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Financial adviser Independent financial adviser

Financial advisers help people and organisations to choose investments, savings, pensions, mortgages or insurance products.

Salary, a pound sign £22,000 to £70,000average per year

Hours, a clock face 35 to 40per week

You'll need GCSEs (A* to C) in English and maths, and work experience in customer service, sales or finance to get a trainee financial adviser job.

With a degree you could get onto a graduate training scheme with a bank or firm of financial advisers.

You'll also need a qualification in financial advice that's approved by the Financial Conduct Authority (FCA), though you can usually get this while working.

You'll need:

You could get into this job through an apprenticeship.

You could work as a tied, multi-tied or independent financial adviser (IFA):

  • tied – usually working for banks, building societies or insurance companies, and only offering your own company’s financial products
  • multi-tied – dealing with a number of companies and only selling products from those companies
  • IFA – offering products and giving advice on all financial products on the market

Your day-to-day tasks will include:

  • talking to clients about their finances and plans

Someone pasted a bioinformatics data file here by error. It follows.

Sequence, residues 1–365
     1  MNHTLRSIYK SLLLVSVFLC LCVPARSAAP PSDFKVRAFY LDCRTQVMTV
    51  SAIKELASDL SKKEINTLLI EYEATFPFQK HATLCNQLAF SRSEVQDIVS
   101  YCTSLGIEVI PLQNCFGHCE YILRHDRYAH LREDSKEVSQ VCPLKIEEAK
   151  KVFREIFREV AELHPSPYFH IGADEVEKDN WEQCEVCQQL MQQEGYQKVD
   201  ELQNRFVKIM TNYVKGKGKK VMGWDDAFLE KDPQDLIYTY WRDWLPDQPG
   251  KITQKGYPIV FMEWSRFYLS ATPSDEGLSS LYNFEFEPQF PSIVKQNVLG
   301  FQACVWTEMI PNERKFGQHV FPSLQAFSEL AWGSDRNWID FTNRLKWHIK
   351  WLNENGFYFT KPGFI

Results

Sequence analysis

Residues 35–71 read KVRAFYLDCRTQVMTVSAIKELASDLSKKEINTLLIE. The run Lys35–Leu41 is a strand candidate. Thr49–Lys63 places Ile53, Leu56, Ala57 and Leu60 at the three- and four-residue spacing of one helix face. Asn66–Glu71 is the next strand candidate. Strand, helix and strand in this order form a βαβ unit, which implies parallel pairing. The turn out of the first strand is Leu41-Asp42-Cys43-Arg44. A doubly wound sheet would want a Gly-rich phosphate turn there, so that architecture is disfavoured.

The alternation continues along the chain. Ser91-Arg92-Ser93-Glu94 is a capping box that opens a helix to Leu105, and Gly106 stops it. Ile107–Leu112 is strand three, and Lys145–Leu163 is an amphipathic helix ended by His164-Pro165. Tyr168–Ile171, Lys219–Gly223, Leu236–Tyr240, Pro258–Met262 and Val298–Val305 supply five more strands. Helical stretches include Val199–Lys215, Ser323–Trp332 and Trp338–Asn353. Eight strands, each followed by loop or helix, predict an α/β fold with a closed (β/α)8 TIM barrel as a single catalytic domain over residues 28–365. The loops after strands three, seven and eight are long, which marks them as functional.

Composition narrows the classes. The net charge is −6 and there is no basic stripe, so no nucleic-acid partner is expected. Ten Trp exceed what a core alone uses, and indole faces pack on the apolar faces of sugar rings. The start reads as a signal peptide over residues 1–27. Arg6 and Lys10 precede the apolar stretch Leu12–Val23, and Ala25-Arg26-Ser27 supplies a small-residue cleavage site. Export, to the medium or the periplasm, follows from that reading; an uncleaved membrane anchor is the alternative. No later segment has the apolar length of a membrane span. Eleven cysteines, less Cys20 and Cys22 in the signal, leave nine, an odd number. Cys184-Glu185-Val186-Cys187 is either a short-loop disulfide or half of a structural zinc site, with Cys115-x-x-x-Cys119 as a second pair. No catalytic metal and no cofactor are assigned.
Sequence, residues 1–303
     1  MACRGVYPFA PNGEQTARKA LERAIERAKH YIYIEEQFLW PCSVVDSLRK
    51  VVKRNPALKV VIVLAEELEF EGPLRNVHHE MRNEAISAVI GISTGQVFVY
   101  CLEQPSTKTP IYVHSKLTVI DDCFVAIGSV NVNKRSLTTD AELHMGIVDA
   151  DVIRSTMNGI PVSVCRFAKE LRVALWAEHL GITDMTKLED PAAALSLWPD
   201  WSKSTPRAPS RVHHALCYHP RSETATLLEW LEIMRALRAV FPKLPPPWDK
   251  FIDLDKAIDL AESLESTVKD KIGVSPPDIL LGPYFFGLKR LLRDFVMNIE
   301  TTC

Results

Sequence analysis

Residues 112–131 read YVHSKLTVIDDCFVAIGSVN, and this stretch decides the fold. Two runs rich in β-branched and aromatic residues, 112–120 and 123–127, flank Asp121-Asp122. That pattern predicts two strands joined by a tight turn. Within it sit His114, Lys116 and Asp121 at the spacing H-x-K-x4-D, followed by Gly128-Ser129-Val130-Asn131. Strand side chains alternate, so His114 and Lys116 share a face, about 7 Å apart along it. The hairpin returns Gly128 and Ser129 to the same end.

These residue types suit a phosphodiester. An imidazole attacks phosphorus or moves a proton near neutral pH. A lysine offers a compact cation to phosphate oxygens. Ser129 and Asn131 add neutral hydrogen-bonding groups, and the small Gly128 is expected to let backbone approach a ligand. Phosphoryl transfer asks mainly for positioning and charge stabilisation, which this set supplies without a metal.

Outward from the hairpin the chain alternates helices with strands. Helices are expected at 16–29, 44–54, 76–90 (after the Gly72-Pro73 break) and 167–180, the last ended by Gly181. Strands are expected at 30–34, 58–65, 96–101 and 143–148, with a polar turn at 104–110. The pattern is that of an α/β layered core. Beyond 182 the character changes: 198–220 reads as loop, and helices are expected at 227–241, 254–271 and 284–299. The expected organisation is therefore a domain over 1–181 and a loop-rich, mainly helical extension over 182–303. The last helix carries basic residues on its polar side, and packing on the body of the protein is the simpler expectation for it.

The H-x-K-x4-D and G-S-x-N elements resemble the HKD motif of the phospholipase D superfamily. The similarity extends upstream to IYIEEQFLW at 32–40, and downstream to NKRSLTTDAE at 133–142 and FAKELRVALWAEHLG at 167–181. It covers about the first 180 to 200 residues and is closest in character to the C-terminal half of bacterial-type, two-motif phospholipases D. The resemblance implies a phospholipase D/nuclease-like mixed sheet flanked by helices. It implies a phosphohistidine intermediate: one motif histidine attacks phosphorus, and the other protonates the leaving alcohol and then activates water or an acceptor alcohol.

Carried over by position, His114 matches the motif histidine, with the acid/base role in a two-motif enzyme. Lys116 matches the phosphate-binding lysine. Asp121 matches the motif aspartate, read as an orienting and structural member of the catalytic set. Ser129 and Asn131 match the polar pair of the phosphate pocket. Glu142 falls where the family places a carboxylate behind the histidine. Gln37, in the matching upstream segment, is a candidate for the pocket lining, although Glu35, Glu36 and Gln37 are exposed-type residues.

• researching financial products and explaining them to clients
  • negotiating

    with providers of financial products

  • producing financial reports
  • updating clients about their investments
  • meeting performance and sales targets
  • keeping up to date with new products and law changes

Starter: £22,000 to £30,000

Experienced: £30,000 to £40,000

Highly Experienced: £70,000

You could also earn extra (commission) for each mortgage or insurance policy you sell.

As an IFA, you'll charge clients a fee or earn commission from selling products. IFAs usually charge £75 to £250 an hour.

These figures are a guide.

As a financial adviser at a high street bank, you'll usually work around 35 to 40 hours a week including some Saturday mornings.

You could work in an office, a banking contact centre or an estate agency. Evening and weekend work is common in contact centres.

As an IFA you could work from home or travel to meet clients in their own homes.

If you work for a large financial organisation, you could move into management or compliance work, making sure your company is following industry guidelines.

You could work for any UK organisation that sells financial products, or a specialist investment or pension consultancy. You could also be a self-employed IFA or work for a firm of IFAs.

Last updated: 21 December 2016


Category: Advisor

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